The ancient Japanese art of growing miniature trees and plants does call for some care and dedication, but it allows you to create some truly wonderful spectacles! Bonsai is often confused with Dwarfing, but one has absolutely nothing to do with the other. While dwarfing pertains to developing dwarf trees by means of genetic modification, the essence of bonsai lies in growing small sized trees and plants from regular seed and stock, employing techniques like leaf trimming, root reduction, selective pruning, defoliation and grafting. Virtually all perennial woody trees and shrubs can be used for bonsai. While the material of container is a matter of personal preference, its volume shouldn’t ideally exceed 10 liters. Once your bonsai trees reach their planned final size, the container environment serves to restrict further growth.

Regular, careful irrigation is one of the most important aspects of bonsai care. Along with watering, fertilization and composition of soil too, needs to be specialized to the cultural needs of the bonsai plant. You’ll also be required to re pot your bonsais as they gain in age and vigor.

Remember, the true aim of bonsai is creating a miniature replica of a full grown tree or plant. Keep your goals in mind at all times, have some patience and you’ll do wonders!

Wednesday, June 6, 2012

Growing Carrots in Containers

Lack of growing space is one factor that obstructs the realization of many a gardening goal. And it can be frustrating as hell! Fortunately, there is a way around this hurdle- innovation! Container gardening is one of the most obvious applications of lateral thinking. The long list of plants that can be successfully grown in containers features many that can surprise you. One of them is Carrot. Carrots, along with tomatoes and pepper are amongst the most popular plants in home gardens. Not many, however, know how easy it is to grow carrots in containers. Take a look.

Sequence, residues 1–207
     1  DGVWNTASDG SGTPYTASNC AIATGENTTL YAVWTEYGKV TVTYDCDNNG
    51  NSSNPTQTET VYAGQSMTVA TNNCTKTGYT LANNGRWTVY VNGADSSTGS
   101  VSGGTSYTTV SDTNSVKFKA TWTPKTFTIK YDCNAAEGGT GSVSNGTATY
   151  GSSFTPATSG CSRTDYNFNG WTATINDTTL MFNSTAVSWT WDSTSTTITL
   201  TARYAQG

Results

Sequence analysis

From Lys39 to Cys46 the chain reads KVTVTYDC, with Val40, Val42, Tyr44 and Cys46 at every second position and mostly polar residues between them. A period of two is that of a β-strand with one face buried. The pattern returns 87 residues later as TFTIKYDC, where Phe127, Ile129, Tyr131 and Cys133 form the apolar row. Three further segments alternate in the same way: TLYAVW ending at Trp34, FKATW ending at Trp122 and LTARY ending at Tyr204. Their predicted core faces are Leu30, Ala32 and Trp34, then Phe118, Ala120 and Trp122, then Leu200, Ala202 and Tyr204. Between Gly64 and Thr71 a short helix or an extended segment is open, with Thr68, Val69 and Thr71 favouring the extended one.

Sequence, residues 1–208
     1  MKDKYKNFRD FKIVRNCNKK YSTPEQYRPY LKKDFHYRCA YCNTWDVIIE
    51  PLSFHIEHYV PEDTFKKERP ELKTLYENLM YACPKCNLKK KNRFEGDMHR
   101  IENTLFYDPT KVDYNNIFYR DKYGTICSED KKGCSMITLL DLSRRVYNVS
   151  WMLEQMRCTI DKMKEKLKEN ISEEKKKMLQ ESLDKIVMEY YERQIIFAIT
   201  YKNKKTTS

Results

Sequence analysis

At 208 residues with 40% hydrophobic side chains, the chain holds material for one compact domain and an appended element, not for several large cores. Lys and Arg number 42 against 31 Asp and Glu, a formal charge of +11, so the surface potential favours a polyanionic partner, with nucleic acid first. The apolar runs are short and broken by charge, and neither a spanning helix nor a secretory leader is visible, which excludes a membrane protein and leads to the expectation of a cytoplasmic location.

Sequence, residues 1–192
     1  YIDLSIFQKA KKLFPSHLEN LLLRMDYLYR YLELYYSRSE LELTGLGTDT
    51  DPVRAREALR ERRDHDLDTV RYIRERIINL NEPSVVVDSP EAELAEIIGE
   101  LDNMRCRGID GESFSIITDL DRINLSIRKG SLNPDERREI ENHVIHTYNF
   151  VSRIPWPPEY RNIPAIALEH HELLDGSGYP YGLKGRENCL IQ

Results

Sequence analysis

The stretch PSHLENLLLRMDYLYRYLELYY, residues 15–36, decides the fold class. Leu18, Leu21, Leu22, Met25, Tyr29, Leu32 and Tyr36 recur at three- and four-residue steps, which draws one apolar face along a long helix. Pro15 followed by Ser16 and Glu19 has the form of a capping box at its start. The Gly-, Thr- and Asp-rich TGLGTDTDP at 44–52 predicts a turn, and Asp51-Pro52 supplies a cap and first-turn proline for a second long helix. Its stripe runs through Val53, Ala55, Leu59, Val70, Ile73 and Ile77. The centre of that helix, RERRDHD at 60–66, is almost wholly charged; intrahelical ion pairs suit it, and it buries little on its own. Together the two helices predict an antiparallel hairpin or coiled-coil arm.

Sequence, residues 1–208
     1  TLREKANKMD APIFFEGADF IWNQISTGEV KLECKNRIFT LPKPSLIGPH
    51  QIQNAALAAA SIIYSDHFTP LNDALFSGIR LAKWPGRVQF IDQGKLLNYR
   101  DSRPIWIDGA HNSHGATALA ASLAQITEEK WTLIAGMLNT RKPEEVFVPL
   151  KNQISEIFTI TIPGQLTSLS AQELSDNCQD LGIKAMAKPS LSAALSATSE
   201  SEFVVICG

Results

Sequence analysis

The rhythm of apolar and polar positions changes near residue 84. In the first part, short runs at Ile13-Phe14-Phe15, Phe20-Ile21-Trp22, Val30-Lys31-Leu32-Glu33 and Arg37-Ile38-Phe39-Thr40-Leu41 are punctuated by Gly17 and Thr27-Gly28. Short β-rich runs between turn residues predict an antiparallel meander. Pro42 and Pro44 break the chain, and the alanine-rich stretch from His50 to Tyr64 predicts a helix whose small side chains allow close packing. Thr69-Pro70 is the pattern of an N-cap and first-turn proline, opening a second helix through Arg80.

You can start carrot seeds indoors in a container that’s about15 inches in diameter and 12-13 inches deep. Fill the container with quality potting soil and sprinkle the seeds. Top the seeds with a ¼ inch layer of soil and apply water. Carrot seeds usually take 2-3 weeks to germinate. Make sure you keep the soil moist throughout this period. Once the seedlings grow 2-3 inches tall, thin them such that they’re at least an inch apart.

Caring for carrots isn’t difficult. Place the container at a location that gets at least 5-6 hours of full sun every day, irrigate on a regular basis and fertilize them every 3 weeks, preferably with a liquid organic fertilizer. Carrots will be ready to be harvested within 60-80 days from sowing the seeds. Loosen the soil around the carrots using a garden fork and pull them out.

Growing carrots in containers is a simple process that, while it helps save space also allows you to produce healthy, delicious food for your household. So what are you waiting for? Start now!